Will home education limit a child’s achievement?

Do you worry sometimes that your children are ‘missing out’ by not being in school? If they were ‘pushed’ harder, might they be able to achieve greater things? Is there a danger that one day they’ll resent their education and feel that their potential was unfulfilled?

That was something that worried me at first, too.

Firstly, of course, home education isn’t irrevocable – if it becomes clear that a child would do better in school at some stage, there’s no reason why he can’t go there. Many children have gone to school in their mid-teens after years of autonomous learning at home, and found no difficulty in taking advanced courses, and doing exceptionally well in exams. Their internal motivation is not thwarted and they have not been pressurised to feel that learning and studying are ‘uncool’.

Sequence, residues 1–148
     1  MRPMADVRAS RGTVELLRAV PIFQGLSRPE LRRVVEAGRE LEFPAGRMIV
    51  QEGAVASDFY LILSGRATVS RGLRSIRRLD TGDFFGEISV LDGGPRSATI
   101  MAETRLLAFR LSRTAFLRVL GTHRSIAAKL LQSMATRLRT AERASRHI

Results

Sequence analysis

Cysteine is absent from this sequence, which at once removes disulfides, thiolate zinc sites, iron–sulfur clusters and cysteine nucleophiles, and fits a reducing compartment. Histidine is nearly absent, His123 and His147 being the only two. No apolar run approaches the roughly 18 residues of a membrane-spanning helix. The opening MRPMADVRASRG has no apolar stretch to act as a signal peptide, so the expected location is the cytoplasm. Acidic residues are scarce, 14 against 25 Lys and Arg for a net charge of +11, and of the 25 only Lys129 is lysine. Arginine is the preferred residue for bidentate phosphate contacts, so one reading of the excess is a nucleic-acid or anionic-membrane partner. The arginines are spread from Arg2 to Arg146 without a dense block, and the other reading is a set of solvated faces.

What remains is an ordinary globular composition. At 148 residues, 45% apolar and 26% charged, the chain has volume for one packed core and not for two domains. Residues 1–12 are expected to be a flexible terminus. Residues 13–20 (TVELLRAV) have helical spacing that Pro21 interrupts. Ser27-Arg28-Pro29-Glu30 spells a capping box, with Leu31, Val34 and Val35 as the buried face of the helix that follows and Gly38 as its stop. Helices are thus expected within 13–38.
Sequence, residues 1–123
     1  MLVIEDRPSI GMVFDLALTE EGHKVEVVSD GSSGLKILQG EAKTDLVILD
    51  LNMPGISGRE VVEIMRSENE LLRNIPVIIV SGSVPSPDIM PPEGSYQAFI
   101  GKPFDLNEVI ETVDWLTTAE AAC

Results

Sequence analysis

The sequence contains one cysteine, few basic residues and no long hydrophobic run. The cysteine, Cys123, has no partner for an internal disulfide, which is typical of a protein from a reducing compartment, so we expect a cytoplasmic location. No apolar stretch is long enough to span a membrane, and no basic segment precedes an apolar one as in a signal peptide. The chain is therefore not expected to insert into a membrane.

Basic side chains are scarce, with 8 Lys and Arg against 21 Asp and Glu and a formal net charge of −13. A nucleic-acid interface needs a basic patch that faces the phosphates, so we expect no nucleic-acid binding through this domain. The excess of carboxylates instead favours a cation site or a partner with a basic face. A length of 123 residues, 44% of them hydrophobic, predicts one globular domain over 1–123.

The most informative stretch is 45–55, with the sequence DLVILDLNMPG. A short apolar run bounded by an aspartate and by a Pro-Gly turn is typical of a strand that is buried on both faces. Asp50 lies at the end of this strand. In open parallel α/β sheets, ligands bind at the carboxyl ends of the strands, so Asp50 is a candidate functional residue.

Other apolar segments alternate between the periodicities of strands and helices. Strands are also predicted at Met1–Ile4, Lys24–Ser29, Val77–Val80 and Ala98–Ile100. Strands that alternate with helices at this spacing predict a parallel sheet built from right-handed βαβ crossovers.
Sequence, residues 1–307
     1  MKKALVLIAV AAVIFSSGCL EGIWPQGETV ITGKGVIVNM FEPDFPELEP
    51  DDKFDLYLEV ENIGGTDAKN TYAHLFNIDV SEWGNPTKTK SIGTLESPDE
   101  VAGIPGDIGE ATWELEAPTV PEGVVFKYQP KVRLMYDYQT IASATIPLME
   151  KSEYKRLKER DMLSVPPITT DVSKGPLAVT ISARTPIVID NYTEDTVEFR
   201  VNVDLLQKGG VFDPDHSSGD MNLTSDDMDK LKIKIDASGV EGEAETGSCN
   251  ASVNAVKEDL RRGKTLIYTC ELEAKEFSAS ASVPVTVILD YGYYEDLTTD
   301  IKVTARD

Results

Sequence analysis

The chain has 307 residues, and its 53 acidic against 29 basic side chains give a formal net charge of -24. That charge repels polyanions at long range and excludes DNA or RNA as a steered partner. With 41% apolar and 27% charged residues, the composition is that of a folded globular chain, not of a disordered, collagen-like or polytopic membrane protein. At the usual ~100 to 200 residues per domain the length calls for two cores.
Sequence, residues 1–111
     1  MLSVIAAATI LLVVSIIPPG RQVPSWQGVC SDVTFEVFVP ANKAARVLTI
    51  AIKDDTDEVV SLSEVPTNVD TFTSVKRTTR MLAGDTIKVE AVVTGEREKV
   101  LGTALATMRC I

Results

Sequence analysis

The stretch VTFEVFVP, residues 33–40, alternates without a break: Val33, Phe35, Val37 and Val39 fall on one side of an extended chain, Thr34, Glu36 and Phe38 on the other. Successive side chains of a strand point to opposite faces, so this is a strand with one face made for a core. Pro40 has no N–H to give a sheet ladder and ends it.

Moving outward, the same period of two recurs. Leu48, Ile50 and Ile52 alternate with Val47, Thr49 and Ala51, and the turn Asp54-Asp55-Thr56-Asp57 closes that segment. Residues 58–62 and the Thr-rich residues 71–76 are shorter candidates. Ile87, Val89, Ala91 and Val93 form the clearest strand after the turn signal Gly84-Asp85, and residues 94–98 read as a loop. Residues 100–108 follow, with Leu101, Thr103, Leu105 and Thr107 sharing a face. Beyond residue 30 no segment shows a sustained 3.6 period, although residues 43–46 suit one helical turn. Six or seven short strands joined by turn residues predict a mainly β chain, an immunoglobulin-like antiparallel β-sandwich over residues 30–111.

Secondly, in the primary years, home education may not offer all the topics or opportunities that good schools do, but it offers a lot more freedom to explore and be creative, to ask questions and have them answered, and to learn to think about all kinds of issues. So long as a child is literate (and, more importantly, enjoys reading), and computer literate, by the time he’s in his teens, he will probably be able to achieve anything he wishes.

Freedom to explore

But something I realised as my children got older is that given freedom to explore their own interests, they did so to a far greater degree than could happen in schools. Both my boys complained about fixed lesson times in the classroom cramping their creativity when they were in school. They disliked not being able to finish something, or having to put it aside for the following week, or not being able to follow things up because they ran out of time.